chrysocolla | PLAINS of  STONE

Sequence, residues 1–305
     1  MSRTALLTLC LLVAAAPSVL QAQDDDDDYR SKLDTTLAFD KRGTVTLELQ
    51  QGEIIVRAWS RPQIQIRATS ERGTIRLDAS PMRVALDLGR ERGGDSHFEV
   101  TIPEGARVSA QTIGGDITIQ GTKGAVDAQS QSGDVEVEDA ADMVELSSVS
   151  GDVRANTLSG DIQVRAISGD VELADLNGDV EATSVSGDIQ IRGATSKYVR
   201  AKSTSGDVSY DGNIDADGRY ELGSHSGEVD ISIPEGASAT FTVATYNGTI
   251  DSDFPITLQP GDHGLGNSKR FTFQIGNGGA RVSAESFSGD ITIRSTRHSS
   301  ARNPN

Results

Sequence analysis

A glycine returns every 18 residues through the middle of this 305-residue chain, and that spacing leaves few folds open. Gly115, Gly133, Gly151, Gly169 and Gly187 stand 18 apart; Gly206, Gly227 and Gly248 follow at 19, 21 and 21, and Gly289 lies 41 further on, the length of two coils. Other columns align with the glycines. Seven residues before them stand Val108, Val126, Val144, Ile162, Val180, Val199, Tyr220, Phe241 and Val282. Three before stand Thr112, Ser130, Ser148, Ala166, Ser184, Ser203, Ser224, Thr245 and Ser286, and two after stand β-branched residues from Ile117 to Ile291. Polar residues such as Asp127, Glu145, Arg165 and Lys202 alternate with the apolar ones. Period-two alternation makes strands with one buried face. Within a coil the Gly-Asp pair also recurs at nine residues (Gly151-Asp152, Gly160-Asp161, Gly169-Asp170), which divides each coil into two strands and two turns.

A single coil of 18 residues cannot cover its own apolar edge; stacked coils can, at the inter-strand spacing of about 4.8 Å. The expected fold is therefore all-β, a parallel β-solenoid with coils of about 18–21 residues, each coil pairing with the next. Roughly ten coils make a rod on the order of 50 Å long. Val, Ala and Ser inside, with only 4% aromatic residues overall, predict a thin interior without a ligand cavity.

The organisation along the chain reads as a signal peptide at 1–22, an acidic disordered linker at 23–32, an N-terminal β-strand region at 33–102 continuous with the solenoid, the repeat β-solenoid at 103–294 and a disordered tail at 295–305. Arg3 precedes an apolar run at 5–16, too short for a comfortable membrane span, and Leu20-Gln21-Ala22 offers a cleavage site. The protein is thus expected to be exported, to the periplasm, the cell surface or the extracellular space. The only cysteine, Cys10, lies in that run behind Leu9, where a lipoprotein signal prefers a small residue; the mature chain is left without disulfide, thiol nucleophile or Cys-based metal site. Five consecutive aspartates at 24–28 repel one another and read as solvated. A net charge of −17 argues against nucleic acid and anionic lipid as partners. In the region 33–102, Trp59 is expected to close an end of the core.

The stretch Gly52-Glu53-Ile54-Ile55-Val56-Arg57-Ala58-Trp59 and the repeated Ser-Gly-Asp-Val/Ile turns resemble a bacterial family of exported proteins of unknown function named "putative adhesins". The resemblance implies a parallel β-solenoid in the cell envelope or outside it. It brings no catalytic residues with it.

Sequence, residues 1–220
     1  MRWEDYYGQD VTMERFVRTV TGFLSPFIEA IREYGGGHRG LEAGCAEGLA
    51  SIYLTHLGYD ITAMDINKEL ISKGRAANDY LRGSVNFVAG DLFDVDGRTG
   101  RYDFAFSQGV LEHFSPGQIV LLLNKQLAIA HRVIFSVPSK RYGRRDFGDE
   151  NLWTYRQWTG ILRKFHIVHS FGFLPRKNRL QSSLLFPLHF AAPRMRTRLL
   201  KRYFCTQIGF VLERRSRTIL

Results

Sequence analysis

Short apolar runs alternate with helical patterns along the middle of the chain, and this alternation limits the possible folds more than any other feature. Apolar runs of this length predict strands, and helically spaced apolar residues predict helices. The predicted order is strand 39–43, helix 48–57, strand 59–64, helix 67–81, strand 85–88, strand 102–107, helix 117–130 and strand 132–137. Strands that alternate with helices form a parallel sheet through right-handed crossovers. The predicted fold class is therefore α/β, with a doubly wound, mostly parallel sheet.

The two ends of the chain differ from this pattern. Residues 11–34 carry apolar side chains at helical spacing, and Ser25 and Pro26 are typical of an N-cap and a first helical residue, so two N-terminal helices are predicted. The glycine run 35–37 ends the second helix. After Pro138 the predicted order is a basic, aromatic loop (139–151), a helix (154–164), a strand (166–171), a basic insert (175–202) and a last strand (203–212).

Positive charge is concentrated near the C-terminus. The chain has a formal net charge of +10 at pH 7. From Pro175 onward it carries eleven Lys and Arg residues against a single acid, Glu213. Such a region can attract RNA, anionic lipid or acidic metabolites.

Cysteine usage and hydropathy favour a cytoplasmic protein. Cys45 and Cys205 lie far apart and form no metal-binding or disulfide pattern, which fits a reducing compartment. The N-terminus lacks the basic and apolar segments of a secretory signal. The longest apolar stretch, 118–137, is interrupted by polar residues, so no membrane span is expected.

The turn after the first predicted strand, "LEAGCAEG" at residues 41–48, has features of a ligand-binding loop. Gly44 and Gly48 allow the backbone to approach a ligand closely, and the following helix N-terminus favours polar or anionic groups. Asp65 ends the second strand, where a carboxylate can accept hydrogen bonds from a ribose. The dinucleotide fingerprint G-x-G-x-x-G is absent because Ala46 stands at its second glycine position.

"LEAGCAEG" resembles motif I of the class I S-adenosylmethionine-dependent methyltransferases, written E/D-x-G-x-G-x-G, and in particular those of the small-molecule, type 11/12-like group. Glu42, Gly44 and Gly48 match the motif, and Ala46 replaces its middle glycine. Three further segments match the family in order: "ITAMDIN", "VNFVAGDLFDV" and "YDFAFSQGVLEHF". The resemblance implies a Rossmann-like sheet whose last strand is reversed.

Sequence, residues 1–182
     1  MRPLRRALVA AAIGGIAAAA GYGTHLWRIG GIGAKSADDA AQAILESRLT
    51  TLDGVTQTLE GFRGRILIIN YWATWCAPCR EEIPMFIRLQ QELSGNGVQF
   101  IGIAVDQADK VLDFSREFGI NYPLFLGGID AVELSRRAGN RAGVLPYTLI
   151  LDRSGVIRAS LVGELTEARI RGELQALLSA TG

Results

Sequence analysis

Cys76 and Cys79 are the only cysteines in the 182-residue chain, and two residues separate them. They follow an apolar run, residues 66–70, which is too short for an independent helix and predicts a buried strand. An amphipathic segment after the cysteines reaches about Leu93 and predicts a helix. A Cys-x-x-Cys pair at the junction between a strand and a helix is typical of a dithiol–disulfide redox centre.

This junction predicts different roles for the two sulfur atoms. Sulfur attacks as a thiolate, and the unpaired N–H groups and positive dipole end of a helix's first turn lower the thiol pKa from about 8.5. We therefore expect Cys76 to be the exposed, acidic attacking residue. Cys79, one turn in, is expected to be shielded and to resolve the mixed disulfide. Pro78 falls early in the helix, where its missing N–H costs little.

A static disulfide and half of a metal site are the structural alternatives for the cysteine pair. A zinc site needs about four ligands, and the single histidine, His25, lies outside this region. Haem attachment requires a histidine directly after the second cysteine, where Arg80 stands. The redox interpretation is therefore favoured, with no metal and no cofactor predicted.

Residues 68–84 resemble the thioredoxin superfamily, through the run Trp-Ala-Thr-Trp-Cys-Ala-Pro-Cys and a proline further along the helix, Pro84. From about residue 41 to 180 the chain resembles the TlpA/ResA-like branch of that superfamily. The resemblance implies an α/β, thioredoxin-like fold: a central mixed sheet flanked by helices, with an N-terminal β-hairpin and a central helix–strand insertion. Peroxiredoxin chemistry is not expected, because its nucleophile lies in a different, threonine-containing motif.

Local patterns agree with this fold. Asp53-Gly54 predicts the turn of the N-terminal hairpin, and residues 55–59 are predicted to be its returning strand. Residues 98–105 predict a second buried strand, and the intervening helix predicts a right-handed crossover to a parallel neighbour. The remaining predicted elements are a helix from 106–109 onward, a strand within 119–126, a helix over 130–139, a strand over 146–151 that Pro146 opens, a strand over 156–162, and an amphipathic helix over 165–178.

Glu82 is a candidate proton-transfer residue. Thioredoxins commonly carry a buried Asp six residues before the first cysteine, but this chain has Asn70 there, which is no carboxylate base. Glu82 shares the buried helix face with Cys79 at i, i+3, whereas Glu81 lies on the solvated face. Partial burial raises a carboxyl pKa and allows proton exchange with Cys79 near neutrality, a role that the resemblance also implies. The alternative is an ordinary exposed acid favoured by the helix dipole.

Never found as crystals, it is green or bluish-green in color, and often has the appearance of opal or enamel, being translucent and having a conchoidal fracture with vitreous luster; sometimes it is earthy in texture. Not being a definite crystallized substance, it varies widely in chemical composition, hardness and specific gravity. Various impurities (silica, &c.) are also commonly present, and several varieties have been distinguished by special names. The mineral occurs in the upper parts of veins of copper ores, and has resulted from their alteration by the action of waters containing silica in solution. Pseudomorphs of chrysocolla after various copper minerals (e.g. cuprite) are not uncommon. It is found in most copper mines.*

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